25 Millennial Spending Statistics: The Brokest Generation

Spending habits vary depending on a consumer’s generation, and millennial spending statistics show that this generation’s financial choices differ from all other generations before it.

Millennials have been labeled as the biggest spenders over the last few years, notorious for their love of avocado toast, expensive Uber rides, and unnecessary clothes shopping. 

They refuse to get married, they’re killing off the diamond and golf industries, home cooking, department stores, and so much more! They’re too entitled and selfish! Or at least, that’s what statistics say.

But are all these accusations true? 

Do millennials spend too much money? 62% of them end up living paycheck to paycheck, so there’s a tiny bit of truth here. 

The purchasing power of this generation—also called Generation Y—is large and growing, and millennials are slowly becoming the most essential spenders on the market.

So what do millennials want? What are their spending habits? Well, grab your frosé, chai tea latte, or whatever your favorite drink is, and take a look at what millennials want.

Take a quick glance at what you will find below:

Top 10 Millennial Finance Statistics

  • There were 72.1 million millennials in the US in 2019.
  • The average millennial has less than $5,000 in savings.
  • Only 11% of younger and 29% of older millennials were homeowners in 2017.
  • Before turning 30, millennials spend a median total of $97,000 on rent.
  • One-third of millennials would be willing to spend $5,000 or more on a vacation.
  • On average, millennials spend $281 on groceries monthly.
  • It’s estimated that 27% of millennials spend nothing on coffee.
  • Every month, millennials spend an average of $139 at restaurants.
  • 60% of Gen Y doesn’t spend money on gym memberships or exercise equipment.
  • 54% of millennials don’t spend money on concerts or sporting events.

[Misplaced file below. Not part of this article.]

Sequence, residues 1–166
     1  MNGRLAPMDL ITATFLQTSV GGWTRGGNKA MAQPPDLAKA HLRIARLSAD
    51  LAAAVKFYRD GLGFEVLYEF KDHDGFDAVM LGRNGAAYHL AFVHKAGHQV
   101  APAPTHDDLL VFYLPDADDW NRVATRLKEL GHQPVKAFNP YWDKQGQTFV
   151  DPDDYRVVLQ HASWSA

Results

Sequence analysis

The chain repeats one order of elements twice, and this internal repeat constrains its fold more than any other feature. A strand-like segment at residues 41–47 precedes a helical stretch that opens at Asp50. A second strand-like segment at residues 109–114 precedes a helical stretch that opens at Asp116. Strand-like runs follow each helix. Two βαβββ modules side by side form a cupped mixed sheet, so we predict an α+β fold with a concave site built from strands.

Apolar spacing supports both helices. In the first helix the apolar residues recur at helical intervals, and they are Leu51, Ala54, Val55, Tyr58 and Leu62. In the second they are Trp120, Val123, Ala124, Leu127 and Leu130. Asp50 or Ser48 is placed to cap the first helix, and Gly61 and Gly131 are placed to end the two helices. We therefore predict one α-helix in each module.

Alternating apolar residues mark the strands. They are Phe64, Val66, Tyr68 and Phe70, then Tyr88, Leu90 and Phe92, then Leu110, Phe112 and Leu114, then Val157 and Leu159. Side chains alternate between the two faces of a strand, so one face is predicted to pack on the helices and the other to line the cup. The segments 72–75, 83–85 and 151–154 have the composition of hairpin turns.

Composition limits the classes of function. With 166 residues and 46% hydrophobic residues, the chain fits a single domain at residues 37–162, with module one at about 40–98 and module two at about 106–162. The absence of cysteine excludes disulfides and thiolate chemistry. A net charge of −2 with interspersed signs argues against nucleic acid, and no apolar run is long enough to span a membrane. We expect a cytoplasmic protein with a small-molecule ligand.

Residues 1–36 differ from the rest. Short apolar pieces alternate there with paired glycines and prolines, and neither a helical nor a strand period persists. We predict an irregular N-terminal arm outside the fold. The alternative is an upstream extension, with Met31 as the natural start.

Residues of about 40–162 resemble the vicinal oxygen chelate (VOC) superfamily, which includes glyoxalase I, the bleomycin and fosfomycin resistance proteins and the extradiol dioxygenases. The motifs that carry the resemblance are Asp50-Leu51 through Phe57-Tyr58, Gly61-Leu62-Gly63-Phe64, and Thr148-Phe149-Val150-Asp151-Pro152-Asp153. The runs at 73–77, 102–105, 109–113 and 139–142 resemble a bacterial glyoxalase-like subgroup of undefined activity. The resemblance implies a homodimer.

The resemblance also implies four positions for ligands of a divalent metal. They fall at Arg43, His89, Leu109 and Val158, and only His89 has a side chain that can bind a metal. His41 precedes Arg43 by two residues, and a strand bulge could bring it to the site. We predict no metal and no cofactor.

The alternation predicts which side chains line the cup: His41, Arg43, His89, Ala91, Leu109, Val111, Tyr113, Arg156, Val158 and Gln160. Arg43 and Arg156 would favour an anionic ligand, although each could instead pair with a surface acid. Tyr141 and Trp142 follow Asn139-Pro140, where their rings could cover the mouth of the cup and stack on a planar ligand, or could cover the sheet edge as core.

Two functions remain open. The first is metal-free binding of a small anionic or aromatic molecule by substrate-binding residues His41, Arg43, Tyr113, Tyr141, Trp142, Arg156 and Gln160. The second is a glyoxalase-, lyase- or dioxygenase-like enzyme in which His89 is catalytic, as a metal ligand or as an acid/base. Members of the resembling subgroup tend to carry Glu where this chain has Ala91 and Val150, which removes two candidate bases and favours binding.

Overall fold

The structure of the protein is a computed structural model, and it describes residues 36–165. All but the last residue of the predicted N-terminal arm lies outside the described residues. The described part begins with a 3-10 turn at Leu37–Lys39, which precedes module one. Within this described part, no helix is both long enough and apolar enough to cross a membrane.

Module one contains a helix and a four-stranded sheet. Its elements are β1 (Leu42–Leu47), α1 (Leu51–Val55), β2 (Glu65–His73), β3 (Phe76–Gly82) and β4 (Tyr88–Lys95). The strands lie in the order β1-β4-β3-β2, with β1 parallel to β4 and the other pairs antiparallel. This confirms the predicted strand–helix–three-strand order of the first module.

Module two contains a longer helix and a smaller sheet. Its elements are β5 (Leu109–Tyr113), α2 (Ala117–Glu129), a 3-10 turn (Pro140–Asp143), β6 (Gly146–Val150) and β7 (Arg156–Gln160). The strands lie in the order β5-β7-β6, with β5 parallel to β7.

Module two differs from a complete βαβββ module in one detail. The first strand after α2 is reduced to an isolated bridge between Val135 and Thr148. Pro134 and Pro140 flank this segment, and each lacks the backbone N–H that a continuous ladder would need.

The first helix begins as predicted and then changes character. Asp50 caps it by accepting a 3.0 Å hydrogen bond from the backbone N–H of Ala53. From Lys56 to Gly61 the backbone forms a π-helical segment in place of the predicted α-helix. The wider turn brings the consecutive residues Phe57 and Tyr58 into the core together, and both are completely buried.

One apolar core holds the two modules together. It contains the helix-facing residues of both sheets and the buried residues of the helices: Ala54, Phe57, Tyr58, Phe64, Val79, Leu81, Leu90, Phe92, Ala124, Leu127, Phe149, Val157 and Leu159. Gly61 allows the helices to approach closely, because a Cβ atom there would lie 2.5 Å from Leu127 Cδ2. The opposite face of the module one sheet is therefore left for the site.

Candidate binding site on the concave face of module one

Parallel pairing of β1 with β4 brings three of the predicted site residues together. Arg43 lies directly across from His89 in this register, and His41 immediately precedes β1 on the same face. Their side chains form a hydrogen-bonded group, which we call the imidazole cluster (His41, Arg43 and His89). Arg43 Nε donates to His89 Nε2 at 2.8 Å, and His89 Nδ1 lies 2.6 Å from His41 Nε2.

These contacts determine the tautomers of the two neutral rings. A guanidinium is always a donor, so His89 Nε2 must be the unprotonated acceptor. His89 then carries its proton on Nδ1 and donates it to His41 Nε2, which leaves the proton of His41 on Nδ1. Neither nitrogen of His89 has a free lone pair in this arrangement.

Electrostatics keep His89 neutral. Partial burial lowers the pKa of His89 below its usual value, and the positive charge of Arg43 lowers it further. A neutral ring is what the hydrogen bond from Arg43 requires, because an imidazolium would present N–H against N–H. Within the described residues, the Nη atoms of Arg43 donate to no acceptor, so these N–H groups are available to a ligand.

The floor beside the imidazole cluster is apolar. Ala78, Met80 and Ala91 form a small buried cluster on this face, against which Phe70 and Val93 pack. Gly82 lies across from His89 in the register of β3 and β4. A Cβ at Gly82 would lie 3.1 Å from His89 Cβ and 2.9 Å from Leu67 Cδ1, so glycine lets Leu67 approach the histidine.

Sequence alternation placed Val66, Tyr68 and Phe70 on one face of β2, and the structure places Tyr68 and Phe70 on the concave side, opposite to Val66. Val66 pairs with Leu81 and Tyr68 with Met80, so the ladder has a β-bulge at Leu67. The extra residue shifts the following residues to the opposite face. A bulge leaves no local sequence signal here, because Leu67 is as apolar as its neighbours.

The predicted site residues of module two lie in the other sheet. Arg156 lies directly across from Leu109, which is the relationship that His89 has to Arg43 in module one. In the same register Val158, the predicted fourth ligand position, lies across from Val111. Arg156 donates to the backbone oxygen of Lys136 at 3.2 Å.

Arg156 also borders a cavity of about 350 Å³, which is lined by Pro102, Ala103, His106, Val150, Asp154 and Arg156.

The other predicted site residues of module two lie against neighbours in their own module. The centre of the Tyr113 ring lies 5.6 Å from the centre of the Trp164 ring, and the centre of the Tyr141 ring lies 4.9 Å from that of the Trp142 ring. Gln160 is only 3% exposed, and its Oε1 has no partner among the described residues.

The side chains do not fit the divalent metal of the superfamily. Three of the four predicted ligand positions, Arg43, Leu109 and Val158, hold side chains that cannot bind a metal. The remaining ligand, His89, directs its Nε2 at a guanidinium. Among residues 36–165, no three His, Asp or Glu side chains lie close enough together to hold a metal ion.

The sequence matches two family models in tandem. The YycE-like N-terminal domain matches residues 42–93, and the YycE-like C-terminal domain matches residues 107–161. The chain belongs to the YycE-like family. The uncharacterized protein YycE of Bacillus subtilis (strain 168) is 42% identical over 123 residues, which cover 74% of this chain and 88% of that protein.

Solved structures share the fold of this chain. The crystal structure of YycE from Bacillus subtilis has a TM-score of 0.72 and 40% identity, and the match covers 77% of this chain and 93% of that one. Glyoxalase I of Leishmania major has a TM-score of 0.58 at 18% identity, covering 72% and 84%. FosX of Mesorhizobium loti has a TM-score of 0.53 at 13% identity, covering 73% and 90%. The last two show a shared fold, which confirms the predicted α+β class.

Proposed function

Keep reading to discover more about millennial money-spending habits.

Millennials and Money

What is a millennial? Millennials, a.k.a. Generation Y, are the nation’s biggest spenders. 

They’re born roughly between 1982 and 1996, so a millennial’s age range goes from 24 to 38 years. This means they’re in their prime earning and spending years. 

So how many millennials are there, and how do they manage and spend their money?

1. There were 72.1 million millennials in the US in 2019.

(Pew Research Center)

As of July 1, 2019, millennials outnumber baby boomers as the nation’s largest living adult generation. 

Millennial buying power continues to grow as young immigrants expand their ranks. 

It’s estimated that the millennial generation will reach its peak in 2023, at 74.9 million in population.

2. In 2018, millennials with a bachelor’s degree or higher and a full-time job earned a median income of $56,000.

(Pew Research Center)

Individual earnings for young workers have been the same for the last 50 years. However, education levels are making a significant gap in earnings between millennials with higher or lower degrees. 

The median millennial income for those with some college or less was $36,000.

3. The average millennial has less than $5,000 in savings.

(Business Insider)

Now, this isn’t due to bad millennial money management, but because of humongous student loans and credit card debt. This often makes millennials and saving money completely incompatible. 

And despite their best efforts to save money and not carry credit card debt, most millennials have no money as a result of the Great Recession combined with high living costs.